We celebrate figs in unlikely places today with a poem by Ross Gay. Persimmon jam to enjoy in the winter. And, where did all the sheep go?
Our three experts are back to talk about preserving foods, specifically salsa. Chef Daniel Orr makes roasted tomatillo salsa. We visit the Fort Knox of seeds.
Traditional Arts Indiana examines the development of home canning and how Indiana residents utilize various aesthetic and technological methods.
With his new book, Sandor Katz hopes to empower people to reclaim the ancient processes of fermentation.
You can make your own healthy pickle relish without sugar, artificial color, or high-fructose corn syrup.
Jami Scholl doesn't put her garden to bed once the ground starts to freeze -- she continues to grow food. Read her advice for gardening throughout the winter.
This recipe is like Carnival in Rio -- a festival of colors, flavors and aromas.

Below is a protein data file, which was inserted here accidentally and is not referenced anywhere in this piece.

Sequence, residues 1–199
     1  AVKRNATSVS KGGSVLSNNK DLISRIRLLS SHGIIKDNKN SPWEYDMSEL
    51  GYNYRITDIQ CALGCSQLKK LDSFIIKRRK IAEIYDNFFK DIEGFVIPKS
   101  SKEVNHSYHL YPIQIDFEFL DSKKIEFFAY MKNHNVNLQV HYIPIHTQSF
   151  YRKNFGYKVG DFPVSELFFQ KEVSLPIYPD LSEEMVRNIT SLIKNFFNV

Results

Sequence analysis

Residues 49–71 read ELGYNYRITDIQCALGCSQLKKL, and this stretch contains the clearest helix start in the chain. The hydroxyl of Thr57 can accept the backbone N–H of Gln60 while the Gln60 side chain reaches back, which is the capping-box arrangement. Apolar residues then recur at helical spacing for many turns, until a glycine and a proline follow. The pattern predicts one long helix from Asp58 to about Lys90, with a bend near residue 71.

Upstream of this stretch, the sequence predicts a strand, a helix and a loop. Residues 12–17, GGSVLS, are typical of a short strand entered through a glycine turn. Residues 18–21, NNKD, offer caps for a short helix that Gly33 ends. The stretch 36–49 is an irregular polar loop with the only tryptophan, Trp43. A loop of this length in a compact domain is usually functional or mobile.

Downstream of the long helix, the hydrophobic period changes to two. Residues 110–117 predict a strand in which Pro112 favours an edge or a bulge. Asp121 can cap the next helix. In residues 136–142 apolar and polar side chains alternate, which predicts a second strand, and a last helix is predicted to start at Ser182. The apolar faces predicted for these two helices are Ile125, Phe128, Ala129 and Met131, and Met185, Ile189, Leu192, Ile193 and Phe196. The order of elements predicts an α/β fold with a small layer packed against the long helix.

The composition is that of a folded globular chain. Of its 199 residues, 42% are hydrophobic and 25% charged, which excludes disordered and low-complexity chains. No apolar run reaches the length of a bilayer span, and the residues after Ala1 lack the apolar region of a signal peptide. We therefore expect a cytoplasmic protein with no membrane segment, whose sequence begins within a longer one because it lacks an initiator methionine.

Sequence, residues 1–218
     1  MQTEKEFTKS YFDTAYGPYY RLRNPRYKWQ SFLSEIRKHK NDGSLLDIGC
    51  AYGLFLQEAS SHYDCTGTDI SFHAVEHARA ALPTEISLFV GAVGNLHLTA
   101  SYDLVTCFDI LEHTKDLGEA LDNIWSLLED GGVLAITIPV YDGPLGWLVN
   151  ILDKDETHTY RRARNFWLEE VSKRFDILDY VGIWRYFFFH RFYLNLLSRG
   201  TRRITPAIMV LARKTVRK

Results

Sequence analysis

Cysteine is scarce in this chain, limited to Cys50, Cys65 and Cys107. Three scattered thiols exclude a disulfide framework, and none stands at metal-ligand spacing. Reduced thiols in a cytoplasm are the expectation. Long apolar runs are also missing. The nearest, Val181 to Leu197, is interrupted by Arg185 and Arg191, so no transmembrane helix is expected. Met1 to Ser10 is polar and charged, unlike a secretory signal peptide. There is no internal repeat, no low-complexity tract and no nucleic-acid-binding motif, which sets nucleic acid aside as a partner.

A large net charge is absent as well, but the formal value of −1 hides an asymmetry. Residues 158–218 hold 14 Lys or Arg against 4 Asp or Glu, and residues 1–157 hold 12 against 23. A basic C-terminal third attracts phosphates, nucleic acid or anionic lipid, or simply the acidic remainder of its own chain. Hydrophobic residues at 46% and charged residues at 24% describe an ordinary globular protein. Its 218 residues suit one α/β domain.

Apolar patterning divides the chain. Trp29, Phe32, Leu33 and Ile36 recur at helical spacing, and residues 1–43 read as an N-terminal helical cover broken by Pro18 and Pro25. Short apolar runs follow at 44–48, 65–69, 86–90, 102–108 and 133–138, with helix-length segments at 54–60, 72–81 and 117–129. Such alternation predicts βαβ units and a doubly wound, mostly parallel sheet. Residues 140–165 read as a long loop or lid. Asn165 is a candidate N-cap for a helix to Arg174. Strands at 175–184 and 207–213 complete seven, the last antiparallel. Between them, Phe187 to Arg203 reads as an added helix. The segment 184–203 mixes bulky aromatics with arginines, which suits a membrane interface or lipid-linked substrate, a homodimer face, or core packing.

We get advice from a pickling expert and try our hand preserving some hot peppers. And, fresh fruit with tequila lime syrup makes a delicious brunch treat.
As your garden starts to produce, don't forget to look to the future. Saving seeds, canning, and drying flowers is a great way to enjoy the bounty all year.
Pumpkin is underwhelming if you only use it for pies. There is so much more to be done with this rich and flavorful fall vegetable.
Vine ripened tomatoes are one of my favorite fruits to preserve. Nothing brings you back to summer than using preserved tomatoes during the winter.
This recipe is not for the faint of heart. Guard it well. Never again will you buy the inferior bagged or tasteless ears from the grocery store.
Making your own jam or jelly is not difficult at all. All that's needed are canning jars, pectin, lemon juice, fruit and a sweetener.
One of the earliest spring vegetables, asparagus takes a lot of patience to grow, but the results are worth it! Here's how to preserve your spring harvest.